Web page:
Members shall not disclose, without the consent of the AGLIU, confidential information to which the member has gained access as a member of AGLIU Council or an AGLIU committee, or as an official representative of the AGLIU.

No member shall disclose confidential information received from a client or employer, except as authorized by law or with the consent of the client or employer.

Members shall not permit any person, other than those who are appropriately entitled thereto, to inspect or have access to information, papers or documents which are confidential.

4. Use of Seal.
A full member shall use only the seal issued to the full member by AGLIU.

Full members who have custody and use of the Association’s seal shall affix an imprint of their seal to professional documents such as plans, drawings, details, reports and contract documents, related to their practice of landscape gardening and landscaping
prepared by them or under their control and supervision, or under their signature, unless they are employed in government where the affixing of a seal is prohibited, or when documents and plans are prepared under the control and supervision of another full member. This includes, but is not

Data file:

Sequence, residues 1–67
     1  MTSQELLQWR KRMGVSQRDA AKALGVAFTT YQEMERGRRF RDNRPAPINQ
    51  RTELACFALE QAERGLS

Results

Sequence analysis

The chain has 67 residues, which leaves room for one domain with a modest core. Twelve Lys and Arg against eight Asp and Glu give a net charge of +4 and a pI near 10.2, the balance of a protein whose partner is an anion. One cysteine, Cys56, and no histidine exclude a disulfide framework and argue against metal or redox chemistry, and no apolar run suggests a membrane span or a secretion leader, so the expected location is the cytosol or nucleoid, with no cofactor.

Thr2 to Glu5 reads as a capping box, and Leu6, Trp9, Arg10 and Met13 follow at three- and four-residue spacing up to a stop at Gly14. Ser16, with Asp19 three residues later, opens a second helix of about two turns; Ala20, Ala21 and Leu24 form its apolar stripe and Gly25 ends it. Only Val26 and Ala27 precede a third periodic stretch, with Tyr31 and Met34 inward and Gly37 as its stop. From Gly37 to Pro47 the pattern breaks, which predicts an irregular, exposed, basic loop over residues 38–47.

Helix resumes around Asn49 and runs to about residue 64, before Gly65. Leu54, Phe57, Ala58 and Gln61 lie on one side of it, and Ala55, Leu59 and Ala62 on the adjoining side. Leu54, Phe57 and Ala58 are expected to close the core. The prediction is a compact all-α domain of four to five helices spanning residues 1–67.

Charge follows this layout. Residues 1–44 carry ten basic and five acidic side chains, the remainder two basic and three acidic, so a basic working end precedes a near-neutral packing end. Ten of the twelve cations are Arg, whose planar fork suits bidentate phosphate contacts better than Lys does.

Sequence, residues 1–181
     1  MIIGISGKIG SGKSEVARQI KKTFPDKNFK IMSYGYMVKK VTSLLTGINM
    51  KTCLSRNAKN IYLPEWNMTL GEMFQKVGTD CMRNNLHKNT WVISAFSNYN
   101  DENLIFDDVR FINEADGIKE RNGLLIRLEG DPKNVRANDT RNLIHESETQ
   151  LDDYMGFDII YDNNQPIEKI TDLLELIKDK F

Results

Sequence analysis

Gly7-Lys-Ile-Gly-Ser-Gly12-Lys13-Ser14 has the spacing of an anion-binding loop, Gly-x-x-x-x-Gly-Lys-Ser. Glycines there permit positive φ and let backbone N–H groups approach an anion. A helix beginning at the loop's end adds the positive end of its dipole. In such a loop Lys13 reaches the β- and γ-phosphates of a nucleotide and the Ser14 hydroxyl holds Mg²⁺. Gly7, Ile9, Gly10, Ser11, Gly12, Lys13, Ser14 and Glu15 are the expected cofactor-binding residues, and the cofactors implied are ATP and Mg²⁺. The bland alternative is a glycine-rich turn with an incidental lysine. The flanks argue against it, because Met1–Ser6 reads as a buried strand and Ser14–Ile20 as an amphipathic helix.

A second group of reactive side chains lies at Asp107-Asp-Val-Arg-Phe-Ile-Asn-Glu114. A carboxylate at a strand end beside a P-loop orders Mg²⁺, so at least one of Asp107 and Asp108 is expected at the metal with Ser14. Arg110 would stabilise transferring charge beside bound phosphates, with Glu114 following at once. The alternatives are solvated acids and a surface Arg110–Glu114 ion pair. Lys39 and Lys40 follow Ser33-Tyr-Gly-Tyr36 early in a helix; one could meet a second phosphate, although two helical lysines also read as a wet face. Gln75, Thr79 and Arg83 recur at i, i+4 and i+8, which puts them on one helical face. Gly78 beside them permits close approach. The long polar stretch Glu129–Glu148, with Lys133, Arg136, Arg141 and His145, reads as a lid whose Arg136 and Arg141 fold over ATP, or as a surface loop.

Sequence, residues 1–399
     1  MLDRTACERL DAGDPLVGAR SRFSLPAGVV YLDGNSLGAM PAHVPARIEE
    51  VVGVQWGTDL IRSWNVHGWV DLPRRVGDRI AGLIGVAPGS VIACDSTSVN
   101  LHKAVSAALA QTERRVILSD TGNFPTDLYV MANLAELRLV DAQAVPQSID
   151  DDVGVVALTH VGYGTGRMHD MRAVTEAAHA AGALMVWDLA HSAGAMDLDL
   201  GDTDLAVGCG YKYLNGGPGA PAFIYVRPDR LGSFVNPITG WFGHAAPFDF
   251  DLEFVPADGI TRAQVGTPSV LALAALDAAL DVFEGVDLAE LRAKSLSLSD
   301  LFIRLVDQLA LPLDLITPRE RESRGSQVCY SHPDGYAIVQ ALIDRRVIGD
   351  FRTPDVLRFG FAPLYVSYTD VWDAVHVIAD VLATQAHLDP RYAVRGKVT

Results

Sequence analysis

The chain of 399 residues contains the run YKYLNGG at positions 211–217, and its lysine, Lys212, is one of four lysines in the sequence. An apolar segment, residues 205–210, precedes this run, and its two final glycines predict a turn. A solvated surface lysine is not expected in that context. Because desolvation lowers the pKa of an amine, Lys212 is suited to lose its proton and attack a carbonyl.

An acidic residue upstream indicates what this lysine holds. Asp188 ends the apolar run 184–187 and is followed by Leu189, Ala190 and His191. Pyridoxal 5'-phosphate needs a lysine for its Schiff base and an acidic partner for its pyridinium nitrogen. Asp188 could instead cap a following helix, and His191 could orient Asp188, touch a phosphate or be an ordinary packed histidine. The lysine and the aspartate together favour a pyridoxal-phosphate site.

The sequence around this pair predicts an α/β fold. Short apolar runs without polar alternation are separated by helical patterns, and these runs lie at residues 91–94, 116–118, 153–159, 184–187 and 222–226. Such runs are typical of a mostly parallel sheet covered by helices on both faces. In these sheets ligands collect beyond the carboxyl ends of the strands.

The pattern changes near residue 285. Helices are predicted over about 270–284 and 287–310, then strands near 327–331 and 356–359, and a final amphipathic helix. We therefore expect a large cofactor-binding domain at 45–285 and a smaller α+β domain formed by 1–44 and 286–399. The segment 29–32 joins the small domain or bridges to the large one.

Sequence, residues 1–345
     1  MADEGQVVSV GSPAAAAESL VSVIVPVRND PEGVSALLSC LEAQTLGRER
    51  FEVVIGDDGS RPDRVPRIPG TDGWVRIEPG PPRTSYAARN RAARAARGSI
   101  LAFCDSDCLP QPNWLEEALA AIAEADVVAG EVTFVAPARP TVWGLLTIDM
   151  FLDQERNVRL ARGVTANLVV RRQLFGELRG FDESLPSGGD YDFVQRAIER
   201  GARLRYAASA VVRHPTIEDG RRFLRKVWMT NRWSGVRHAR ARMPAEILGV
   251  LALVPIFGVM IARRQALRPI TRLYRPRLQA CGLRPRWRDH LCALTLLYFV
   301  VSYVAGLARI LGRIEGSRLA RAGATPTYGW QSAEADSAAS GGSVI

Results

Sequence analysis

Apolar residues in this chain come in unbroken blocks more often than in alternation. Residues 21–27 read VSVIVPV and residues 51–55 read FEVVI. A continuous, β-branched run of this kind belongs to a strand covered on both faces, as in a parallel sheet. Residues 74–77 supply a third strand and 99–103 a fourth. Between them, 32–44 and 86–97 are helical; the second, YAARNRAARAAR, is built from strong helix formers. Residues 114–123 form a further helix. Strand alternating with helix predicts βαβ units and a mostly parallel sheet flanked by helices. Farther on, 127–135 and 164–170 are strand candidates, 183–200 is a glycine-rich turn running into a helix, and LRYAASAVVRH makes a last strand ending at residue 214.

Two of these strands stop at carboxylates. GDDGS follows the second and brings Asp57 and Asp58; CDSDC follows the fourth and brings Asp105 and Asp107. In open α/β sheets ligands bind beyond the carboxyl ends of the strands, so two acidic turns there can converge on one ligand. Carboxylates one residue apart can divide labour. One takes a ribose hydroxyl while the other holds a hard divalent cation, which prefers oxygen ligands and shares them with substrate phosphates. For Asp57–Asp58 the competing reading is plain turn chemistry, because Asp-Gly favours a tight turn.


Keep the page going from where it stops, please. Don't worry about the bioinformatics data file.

limited to the following: applications for a building permit; submissions for regulatory approval; presentations to the public; situations in which the item is to be used for the construction of a landscape architectural item. 7.2 does not apply in the case of an approved, open competition in which anonymity is a requirement.

A full member shall in no instance affix an imprint of the full member's seal to any work which was not prepared in its entirety by the full member, or prepared under the direct, personal supervision of the full member.

Registered Companies
Associate Members
Professional Gardeners